From The New York Times:
Julianna Huth, a second grader at Green Primary School, in Green, Ohio, is a convert to the digital word.
The 8-year-old uses both an iPad and a Nook, and she enjoys e-books at home and at school.
“It’s just cool that you can read on your iPad,” said Julianna, who started using e-books when she was 6. “It’s more fun and you learn more from it.”
Children would say that. Books on iPads and some e-readers like the Nook Color or the Kindle Fire are fun. They include music, animation and other interactive elements that make reading a book feel like playing a video game.
In “Pete the Cat: I Love My White Shoes,” an e-book for children ages 3 to 7, they can change the color of Pete’s shoes by touching them, sing along to music with the lyrics that roll along the page, listen to a narrator or record their voices as they read aloud.
But is it better than a book? It may take a generation to ever know for sure, and even 10 or 20 years from now it will be debated as the effects of television or video games are still discussed today.
Julianna’s teacher, Kourtney Denning, sees e-books as essential. “Old books don’t really cut it anymore,” she said. “We have to transform our learning as we know it.”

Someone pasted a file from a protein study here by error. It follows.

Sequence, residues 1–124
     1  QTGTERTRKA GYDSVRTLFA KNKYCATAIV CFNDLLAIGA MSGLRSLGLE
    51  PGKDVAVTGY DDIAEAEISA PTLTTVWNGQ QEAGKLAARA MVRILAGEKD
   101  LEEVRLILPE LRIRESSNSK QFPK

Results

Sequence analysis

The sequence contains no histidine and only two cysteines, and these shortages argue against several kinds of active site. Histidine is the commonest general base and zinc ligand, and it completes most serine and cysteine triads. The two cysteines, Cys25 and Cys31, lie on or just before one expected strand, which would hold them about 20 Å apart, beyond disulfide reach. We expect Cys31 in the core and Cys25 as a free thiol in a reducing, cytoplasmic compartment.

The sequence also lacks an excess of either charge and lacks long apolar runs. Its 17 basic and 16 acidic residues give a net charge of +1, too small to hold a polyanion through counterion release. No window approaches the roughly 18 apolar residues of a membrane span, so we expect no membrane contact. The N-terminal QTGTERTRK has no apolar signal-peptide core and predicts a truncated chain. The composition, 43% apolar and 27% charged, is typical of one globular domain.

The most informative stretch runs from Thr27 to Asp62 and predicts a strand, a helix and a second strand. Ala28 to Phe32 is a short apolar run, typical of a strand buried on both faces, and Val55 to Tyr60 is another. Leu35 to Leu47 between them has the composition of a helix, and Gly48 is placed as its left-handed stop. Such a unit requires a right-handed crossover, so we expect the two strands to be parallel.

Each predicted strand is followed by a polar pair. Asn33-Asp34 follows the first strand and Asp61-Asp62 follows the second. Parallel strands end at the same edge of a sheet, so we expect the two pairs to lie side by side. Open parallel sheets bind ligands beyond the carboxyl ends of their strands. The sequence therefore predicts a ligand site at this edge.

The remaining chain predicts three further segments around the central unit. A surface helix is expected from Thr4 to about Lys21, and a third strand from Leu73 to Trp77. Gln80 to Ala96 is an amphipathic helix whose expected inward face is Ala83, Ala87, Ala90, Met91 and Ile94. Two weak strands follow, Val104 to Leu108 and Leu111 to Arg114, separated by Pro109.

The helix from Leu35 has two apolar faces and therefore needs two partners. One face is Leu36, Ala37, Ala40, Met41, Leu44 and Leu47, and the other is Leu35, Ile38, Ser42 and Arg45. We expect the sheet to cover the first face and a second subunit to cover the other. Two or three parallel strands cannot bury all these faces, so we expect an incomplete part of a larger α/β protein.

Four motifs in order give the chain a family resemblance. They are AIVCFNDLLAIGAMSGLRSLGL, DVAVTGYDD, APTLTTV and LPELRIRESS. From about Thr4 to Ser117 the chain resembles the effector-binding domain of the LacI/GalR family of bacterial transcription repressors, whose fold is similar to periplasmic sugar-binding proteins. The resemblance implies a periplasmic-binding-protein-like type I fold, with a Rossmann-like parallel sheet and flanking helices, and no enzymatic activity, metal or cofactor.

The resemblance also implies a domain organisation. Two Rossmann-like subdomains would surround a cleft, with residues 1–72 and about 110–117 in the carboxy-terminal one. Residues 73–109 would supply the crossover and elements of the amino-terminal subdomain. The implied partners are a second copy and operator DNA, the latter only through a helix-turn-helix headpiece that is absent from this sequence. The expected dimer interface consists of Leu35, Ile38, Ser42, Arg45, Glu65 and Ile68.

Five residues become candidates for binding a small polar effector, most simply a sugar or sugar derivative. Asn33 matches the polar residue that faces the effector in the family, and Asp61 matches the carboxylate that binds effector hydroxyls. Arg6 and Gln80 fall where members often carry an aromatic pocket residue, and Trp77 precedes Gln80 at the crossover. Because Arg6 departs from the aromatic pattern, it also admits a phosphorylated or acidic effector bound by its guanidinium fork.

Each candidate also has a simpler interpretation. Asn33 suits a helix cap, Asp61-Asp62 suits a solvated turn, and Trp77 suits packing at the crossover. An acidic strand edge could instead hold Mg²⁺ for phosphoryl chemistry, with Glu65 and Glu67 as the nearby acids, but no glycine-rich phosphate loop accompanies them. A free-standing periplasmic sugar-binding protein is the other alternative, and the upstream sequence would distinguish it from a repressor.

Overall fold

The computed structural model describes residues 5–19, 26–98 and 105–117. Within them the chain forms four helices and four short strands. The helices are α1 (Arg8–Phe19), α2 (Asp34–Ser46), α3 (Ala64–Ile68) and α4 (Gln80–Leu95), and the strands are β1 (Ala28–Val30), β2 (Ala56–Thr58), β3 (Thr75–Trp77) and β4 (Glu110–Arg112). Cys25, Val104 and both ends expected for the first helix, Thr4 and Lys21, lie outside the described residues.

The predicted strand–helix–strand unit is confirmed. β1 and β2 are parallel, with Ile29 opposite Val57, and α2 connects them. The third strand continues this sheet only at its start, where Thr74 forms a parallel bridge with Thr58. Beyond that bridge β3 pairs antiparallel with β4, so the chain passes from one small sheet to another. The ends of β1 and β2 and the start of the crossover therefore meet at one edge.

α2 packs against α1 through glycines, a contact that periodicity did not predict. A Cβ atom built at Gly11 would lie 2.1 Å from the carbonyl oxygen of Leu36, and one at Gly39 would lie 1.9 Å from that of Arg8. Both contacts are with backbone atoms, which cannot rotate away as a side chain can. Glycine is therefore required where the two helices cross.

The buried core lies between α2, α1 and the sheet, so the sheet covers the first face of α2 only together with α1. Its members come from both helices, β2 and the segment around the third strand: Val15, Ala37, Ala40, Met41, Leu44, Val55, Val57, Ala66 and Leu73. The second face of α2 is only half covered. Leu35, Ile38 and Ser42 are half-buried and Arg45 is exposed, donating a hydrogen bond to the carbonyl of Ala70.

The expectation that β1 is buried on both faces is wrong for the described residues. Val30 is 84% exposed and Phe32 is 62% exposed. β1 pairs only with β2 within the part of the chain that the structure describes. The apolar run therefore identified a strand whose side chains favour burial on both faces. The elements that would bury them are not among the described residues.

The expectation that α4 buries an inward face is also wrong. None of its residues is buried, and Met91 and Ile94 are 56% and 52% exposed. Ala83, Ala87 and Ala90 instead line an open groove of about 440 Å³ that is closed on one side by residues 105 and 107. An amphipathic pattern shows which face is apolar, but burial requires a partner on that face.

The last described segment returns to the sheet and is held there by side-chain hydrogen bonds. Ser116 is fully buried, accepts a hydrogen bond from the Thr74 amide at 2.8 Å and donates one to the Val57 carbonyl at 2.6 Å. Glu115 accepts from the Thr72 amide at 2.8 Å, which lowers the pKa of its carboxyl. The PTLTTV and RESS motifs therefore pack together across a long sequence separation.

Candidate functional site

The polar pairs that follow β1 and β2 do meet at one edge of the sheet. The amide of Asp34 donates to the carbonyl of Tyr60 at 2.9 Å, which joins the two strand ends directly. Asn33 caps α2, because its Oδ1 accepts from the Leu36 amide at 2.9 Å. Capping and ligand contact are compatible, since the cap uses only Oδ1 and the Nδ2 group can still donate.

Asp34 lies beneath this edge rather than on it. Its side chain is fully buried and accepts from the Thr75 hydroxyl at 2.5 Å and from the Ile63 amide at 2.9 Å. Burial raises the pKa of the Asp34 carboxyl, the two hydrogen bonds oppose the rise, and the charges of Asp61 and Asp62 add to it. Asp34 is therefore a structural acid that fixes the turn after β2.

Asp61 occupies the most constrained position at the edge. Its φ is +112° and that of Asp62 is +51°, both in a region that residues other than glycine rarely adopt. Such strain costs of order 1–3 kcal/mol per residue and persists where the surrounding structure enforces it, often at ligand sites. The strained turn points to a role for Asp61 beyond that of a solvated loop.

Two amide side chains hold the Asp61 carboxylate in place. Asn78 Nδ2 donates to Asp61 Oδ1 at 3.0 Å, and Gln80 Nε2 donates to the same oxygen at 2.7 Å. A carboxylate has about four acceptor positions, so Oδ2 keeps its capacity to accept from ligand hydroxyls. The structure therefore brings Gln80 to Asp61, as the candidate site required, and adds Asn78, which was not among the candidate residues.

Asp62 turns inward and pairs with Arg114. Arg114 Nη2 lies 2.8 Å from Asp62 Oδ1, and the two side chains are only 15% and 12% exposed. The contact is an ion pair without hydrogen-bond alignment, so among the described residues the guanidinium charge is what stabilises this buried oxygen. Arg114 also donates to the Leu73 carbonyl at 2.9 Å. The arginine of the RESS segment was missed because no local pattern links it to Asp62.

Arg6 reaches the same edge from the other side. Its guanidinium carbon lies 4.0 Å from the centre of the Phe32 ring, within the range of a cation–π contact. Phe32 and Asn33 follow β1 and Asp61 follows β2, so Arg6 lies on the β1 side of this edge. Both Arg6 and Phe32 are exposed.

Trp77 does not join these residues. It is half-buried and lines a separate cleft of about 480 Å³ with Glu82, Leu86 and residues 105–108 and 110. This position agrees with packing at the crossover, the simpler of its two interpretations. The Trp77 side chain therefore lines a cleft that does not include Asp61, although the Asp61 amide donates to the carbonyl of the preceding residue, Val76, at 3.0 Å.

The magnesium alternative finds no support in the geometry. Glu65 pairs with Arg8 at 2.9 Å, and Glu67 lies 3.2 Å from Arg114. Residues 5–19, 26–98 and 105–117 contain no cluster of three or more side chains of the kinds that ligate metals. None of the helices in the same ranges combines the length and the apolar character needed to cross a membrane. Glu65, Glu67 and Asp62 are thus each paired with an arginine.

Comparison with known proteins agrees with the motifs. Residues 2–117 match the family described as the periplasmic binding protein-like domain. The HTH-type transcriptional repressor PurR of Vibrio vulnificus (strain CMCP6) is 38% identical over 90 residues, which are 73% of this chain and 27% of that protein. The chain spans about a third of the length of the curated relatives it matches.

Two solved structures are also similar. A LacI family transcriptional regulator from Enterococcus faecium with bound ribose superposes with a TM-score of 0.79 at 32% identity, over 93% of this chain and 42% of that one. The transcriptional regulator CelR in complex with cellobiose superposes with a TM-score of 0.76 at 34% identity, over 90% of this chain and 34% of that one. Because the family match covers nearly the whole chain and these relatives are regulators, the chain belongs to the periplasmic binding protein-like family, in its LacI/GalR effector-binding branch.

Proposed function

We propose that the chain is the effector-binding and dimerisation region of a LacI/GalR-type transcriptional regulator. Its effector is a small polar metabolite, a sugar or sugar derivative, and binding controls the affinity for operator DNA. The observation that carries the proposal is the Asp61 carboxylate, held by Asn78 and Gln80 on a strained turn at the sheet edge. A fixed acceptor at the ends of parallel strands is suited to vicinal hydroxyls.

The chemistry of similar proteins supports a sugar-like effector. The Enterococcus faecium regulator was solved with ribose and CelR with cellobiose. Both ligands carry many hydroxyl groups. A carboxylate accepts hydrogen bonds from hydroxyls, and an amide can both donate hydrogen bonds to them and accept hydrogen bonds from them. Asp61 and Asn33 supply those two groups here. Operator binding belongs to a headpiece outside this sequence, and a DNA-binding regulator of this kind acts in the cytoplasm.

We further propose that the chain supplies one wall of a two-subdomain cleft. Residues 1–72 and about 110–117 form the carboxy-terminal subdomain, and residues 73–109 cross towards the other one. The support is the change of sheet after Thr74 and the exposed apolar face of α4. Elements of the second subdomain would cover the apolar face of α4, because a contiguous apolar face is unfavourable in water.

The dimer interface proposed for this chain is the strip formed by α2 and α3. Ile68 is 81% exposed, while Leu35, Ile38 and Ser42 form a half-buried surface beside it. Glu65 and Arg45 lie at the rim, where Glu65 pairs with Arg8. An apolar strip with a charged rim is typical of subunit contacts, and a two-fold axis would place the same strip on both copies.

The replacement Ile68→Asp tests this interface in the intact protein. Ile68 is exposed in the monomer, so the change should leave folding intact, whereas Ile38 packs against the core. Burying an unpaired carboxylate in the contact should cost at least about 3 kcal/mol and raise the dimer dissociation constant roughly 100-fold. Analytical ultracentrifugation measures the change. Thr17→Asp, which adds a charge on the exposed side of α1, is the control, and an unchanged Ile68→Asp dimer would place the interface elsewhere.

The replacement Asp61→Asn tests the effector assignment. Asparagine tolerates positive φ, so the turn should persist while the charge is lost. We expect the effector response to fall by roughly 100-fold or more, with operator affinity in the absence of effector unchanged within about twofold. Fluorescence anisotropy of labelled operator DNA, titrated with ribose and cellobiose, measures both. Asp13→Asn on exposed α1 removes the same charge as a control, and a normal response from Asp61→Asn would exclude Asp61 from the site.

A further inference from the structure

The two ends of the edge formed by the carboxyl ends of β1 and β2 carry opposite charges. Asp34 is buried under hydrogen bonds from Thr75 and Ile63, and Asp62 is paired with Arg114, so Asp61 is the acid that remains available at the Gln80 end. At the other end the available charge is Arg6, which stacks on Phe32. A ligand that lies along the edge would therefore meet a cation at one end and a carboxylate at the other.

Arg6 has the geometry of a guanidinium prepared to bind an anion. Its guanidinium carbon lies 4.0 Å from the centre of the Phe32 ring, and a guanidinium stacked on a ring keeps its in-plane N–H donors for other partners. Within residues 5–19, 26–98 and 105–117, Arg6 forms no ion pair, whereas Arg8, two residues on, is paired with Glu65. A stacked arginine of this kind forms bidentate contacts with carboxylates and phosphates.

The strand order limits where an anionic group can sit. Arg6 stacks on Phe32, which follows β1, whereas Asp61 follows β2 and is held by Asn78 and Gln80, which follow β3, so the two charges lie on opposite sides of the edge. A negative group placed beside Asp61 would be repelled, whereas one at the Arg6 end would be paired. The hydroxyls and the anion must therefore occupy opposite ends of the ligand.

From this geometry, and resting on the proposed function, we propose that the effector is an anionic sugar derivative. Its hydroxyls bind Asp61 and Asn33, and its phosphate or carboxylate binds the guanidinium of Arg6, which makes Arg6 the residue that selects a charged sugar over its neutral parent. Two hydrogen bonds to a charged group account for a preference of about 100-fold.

Amid the excitement and enthusiasm, some people are suggesting a closer look, especially for younger children learning to read. “Right now, the state-of-the-art, in terms of research-based practice is: read traditional books with your child,” said Julia Parish-Morris, a postdoctoral fellow at the University of Pennsylvania who has studied e-books and how children interact with them. “We don’t have any evidence that any kind of electronic device is better than a parent.”
In an attempt to figure out whether parents should embrace e-books with great enthusiasm or ration e-reader screen time as they do TV time, Julianna’s class is participating in a research project for the Center for Literacy at the University of Akron.
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